Mrs. UA had initially feared the worst, that I’d suffered a stroke. I was conscious but not alert as the 911 dispatcher calmly had my wife conduct a couple of simple tests that ruled out a stroke. Perhaps I’d had a heart attack? Mrs. UA had no idea until I told the EMT what had happened: I had passed out trying to flood my blocked craw. Apparently I repeated myself several times when the EMT’s first arrived, but I have no recollection of having done any such thing. Apparently I repeated myself several times when…oh, wait.
I was still feeling rather fuzzy as a series of questions came my way, one of which was whether or not I had recently taken any medications. To that I responded affirmatively, “I took a couple of Tylenol earlier today.”
“Why did you take Tylenol?” asked the EMT.
“Yesterday I drove 12 hours round trip to Oregon. My neck and back are just a little road weary,” was my response.
“What were you doing in Oregon?” questioned the EMT.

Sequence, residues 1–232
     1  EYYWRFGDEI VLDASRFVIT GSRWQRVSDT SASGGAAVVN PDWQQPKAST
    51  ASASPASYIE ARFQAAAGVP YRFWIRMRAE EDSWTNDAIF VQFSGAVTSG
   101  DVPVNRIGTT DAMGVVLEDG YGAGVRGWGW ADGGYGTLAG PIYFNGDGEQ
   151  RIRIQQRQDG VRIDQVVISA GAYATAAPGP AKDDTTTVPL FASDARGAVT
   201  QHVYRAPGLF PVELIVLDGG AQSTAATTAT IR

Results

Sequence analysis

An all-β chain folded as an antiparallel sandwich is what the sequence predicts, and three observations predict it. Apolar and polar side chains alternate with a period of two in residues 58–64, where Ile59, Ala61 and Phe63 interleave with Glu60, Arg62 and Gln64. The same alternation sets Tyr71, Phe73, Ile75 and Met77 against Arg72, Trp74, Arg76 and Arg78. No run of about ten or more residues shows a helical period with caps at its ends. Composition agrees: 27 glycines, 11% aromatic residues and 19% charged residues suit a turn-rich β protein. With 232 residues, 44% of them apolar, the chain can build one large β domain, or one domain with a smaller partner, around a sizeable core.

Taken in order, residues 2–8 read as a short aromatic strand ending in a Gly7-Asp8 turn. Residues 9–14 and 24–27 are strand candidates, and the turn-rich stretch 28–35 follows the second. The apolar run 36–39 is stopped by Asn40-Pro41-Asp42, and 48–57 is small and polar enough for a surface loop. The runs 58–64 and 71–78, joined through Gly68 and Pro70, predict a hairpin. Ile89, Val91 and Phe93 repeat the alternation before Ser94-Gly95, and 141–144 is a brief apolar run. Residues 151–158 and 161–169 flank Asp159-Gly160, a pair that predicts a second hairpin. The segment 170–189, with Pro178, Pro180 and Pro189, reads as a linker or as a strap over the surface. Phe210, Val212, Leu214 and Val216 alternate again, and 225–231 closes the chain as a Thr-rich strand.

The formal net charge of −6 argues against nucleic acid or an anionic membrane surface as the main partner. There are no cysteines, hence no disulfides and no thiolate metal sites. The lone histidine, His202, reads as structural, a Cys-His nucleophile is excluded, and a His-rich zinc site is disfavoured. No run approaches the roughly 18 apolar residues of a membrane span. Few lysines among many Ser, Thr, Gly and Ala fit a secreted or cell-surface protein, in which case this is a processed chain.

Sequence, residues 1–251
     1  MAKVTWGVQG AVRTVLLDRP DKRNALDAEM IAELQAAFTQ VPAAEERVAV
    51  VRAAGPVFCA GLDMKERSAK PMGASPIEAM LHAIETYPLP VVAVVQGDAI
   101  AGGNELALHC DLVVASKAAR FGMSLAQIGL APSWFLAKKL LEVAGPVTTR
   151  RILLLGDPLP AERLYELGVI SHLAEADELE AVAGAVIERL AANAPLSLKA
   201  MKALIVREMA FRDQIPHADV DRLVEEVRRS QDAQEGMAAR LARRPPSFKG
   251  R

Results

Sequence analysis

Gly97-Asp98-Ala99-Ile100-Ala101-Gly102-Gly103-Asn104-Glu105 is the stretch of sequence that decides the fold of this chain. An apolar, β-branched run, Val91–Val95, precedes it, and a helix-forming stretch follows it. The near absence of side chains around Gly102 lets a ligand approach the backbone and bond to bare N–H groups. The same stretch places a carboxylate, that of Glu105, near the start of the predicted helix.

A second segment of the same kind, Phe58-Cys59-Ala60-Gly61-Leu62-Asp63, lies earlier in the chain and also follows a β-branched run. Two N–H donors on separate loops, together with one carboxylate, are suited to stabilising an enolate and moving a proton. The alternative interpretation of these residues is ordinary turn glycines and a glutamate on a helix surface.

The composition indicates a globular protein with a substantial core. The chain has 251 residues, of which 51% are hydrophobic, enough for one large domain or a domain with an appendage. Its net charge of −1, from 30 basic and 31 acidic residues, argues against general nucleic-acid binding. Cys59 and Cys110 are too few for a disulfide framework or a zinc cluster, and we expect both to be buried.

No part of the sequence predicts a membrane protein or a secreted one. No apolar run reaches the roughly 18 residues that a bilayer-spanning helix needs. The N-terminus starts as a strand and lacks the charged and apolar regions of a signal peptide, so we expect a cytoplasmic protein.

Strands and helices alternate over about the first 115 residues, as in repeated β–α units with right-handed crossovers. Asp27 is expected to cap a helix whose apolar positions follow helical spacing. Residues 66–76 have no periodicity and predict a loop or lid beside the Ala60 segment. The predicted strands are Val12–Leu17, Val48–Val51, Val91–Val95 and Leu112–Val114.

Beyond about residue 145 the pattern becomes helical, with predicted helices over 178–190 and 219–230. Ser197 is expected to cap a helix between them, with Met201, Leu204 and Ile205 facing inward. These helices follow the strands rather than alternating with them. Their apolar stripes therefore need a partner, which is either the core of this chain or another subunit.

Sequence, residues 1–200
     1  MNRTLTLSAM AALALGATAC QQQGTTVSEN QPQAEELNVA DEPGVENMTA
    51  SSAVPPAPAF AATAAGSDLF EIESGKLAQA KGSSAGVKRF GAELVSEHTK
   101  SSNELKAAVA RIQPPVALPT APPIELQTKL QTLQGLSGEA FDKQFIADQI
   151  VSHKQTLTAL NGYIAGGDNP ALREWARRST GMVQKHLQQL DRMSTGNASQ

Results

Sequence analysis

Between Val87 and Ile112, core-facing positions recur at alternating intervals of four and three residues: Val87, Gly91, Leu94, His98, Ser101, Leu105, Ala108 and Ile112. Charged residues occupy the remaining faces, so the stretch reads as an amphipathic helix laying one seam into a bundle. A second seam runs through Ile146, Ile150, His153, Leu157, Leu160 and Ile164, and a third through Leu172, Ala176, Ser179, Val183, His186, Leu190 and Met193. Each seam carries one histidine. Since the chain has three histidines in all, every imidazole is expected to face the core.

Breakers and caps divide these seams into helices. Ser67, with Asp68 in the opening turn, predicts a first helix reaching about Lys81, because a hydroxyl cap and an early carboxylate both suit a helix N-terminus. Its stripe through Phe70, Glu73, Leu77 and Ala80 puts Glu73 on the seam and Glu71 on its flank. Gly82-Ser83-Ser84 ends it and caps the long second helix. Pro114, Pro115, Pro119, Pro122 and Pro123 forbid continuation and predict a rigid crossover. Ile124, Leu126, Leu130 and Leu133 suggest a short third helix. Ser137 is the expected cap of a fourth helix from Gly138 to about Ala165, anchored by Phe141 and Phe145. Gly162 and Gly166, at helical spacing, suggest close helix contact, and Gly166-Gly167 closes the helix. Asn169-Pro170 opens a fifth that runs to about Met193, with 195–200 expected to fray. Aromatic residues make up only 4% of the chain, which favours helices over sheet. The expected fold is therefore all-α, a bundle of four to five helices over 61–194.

“I had to drive to LaGrande to pick up a new boat…are you a fisherman, by chance?” I inquired, still a bit loopy.
Turns out both he and his partner were, so I insisted that they open the door to the garage to see my new toy. They instantly became my new best friends, as this is what they saw…
After a quick ride to the ER where the doctor checked my blood sugar levels, hooked me up to an EKG and ultimately did a CT scan, it was determined that other than a mild concussion, I was medically normal. Mrs. UA took me home where we enjoyed a rather low-key New Year’s Eve. The next morning I awoke with a headache, which isn’t terribly uncommon on New Year’s Day. But instead of alcohol, it was chicken I had to blame for the way I was feeling. Since then Mrs. UA has had me a on a short leash come mealtime, watching over me carefully to make sure that I take small bites and chew my food 20 times. Chicken still excites me and I’ll have to exercise caution and dig deep for self discipline whenever confronted by the tempting bird.